Self-help justice depends on the credibility of one’s prowess and resolve, and to this day the American South is marked by an obsession with credible deterrence, otherwise known as a culture of honor. The essence of a culture of honor is that it does not sanction predatory or instrumental violence, but only retaliation after an insult or other mistreatment. The psychologists Richard Nisbett and Dov Cohen have shown that this mindset continues to pervade southern laws, politics, and attitudes. Southerners do not outkill northerners in homicides carried out during robberies, they found, only in those sparked by quarrels. In surveys, southerners do not endorse the use of violence in the abstract, but only to protect home and family. The laws of the southern states sanction this morality. They give a person wide latitude to kill in defense of self or property, put fewer restrictions on gun purchases, allow corporal punishment (“paddling”) in schools, and specify the death penalty for murder, which their judicial systems are happy to carry out. Southern men and women are more likely to serve in the military, to study at military academies, and to take hawkish positions on foreign policy.

In a series of ingenious experiments, Nisbett and Cohen also showed that honor looms large in the behavior of individual southerners. In one study, they sent fake letters inquiring about jobs to companies all over the country. Half of them contained the following confession:

There is one thing I must explain, because I feel I must be honest and I want no misunderstandings. I have been convicted of a felony, namely manslaughter. You will probably want an explanation for this before you send me an application, so I will provide it. I got into a fight with someone who was having an affair with my fiancée. I lived in a small town, and one night this person confronted me in front of my friends at the bar. He told everyone that he and my fiancée were sleeping together. He laughed at me to my face and asked me to step outside if I was man enough. I was young and didn’t want to back down from a challenge in front of everyone. As we went into the alley, he started to attack me. He knocked me down, and he picked up a bottle. I could have run away and the judge said I should have, but my pride wouldn’t let me. Instead I picked up a pipe that was laying in the alley and hit him with it. I didn’t mean to kill him, but he died a few hours later at the hospital. I realize that what I did was wrong.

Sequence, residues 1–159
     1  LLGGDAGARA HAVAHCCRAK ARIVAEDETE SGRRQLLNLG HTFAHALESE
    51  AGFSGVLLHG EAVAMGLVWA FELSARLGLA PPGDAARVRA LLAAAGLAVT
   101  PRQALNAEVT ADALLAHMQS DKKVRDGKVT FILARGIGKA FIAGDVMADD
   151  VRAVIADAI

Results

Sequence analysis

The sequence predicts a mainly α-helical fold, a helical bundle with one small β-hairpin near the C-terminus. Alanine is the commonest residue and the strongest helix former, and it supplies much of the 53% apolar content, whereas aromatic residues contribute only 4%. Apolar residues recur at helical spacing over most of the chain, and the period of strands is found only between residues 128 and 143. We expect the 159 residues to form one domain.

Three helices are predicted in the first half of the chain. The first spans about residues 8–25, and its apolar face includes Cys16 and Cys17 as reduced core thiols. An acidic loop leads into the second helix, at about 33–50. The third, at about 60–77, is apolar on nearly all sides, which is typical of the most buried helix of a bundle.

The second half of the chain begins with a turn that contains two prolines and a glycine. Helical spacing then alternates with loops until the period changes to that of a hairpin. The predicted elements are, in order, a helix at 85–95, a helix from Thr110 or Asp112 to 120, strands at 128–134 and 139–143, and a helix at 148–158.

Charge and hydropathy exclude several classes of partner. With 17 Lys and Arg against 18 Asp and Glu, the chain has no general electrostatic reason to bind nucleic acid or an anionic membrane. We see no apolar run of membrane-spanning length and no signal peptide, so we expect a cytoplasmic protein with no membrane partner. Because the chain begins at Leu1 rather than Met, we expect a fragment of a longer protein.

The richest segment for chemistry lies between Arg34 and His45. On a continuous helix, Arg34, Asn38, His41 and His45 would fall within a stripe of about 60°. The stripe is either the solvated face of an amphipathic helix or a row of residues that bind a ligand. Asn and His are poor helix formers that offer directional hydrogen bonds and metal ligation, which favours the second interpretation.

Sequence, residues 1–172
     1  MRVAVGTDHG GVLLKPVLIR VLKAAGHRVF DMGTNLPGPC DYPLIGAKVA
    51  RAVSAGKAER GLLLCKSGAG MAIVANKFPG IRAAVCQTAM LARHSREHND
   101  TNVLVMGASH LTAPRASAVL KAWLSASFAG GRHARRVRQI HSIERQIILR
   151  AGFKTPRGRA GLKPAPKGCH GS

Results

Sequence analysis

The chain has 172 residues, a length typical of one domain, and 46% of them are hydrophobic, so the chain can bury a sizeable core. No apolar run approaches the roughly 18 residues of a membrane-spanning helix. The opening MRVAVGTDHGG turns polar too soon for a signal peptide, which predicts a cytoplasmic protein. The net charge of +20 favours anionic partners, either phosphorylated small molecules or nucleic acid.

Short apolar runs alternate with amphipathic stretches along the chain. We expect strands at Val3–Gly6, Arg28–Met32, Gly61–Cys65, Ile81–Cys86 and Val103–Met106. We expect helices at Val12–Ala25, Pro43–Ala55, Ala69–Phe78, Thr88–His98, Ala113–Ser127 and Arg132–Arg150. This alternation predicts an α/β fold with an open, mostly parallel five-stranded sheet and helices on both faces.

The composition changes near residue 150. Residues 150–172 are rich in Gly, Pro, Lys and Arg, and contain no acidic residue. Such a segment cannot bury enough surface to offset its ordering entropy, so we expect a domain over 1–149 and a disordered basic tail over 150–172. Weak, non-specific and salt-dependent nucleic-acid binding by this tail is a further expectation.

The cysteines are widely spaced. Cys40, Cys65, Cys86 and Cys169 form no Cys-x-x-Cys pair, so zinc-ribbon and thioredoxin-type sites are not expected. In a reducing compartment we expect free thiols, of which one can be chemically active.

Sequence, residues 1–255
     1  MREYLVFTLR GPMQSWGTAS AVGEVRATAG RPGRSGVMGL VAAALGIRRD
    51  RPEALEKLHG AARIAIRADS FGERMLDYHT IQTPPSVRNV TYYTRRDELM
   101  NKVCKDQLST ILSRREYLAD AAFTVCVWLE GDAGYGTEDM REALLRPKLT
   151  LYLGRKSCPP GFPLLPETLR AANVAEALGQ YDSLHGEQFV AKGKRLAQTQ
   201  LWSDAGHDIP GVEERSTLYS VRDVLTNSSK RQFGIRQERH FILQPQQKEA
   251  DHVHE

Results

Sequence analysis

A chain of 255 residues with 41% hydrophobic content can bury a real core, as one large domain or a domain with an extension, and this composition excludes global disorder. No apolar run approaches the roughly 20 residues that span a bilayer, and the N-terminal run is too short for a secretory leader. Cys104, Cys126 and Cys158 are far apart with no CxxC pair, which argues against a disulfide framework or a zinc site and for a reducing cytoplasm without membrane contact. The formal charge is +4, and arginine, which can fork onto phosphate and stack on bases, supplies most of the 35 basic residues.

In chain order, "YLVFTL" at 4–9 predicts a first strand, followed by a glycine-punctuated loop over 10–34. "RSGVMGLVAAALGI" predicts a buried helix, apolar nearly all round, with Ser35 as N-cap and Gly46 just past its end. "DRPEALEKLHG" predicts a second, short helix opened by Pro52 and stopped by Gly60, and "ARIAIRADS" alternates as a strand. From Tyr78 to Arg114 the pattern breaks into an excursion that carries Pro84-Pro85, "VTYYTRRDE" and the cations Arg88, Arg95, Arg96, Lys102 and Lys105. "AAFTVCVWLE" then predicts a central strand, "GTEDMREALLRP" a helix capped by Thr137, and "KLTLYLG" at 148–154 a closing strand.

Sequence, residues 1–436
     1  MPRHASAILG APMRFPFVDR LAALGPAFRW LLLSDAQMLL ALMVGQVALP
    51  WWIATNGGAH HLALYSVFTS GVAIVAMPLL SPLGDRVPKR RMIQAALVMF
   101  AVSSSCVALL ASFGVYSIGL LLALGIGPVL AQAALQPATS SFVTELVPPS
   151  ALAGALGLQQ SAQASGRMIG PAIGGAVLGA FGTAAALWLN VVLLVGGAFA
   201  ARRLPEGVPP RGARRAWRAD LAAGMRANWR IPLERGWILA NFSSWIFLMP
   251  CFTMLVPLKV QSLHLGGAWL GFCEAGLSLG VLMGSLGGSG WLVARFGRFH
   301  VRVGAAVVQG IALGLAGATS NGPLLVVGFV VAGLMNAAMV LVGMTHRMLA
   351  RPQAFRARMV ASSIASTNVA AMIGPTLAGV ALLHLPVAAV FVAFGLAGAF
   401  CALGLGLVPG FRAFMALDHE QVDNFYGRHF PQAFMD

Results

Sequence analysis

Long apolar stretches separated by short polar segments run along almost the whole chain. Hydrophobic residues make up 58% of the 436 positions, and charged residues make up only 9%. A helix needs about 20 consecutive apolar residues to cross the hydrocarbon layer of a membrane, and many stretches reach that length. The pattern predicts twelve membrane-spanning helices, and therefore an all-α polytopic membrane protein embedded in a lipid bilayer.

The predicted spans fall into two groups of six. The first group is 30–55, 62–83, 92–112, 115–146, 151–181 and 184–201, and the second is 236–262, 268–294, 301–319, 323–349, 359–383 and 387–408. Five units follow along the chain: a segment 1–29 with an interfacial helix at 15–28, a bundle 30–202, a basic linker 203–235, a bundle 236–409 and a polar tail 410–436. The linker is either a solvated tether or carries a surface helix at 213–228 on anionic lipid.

The other half contained a similar paragraph in which the applicant confessed to a felony conviction for grand theft auto, which, he said, he had foolishly committed to help support his wife and young children. In response to the letter confessing to the honor killing, companies based in the South and West were more likely than those in the North to send the letter-writer a job application, and their replies were warmer in tone. For example, the owner of one southern store apologized that she had no jobs available at the time and added:

As for your problem of the past, anyone could probably be in the situation you were in. It was just an unfortunate incident that shouldn’t be held against you. Your honesty shows that you are sincere…. I wish you the best of luck for your future. You have a positive attitude and a willingness to work. Those are the qualities that businesses look for in an employee. Once you get settled, if you are near here, please stop in and see us.

No such warmth came from companies based in the North, nor from any company when the letter confessed to auto theft. Indeed, northern companies were more forgiving of the auto theft than the honor killing; the southern and western companies were more forgiving of the honor killing than the auto theft.

Nisbett and Cohen also captured the southern culture of honor in the lab. Their subjects were not bubbas from the bayous but affluent students at the University of Michigan who had lived in the South for at least six years. Students were recruited for a psychology experiment on “limited response time conditions on certain facets of human judgment” (a bit of gobbledygook to hide the real purpose of the study). In the hallway on their way to the lab, the students had to pass by an accomplice of the experimenter who was filing papers in a cabinet. In half of the cases, when the student brushed past the accomplice, he slammed the drawer shut and muttered, “Asshole.” Then the experimenter (who was kept in the dark as to whether the student had been insulted) welcomed the student into the lab, observed his demeanor, gave him a questionnaire, and drew a blood sample. The students from the northern states, they found, laughed off the insult and behaved no differently from the control group who had entered without incident. But the insulted students from the southern states walked in fuming. They reported lower self-esteem in a questionnaire, and their blood samples showed elevated levels of testosterone and of cortisol, a stress hormone. They behaved more dominantly toward the experimenter and shook his hand more firmly, and when approaching another accomplice in the narrow hallway on their way out, they refused to step aside to let him pass.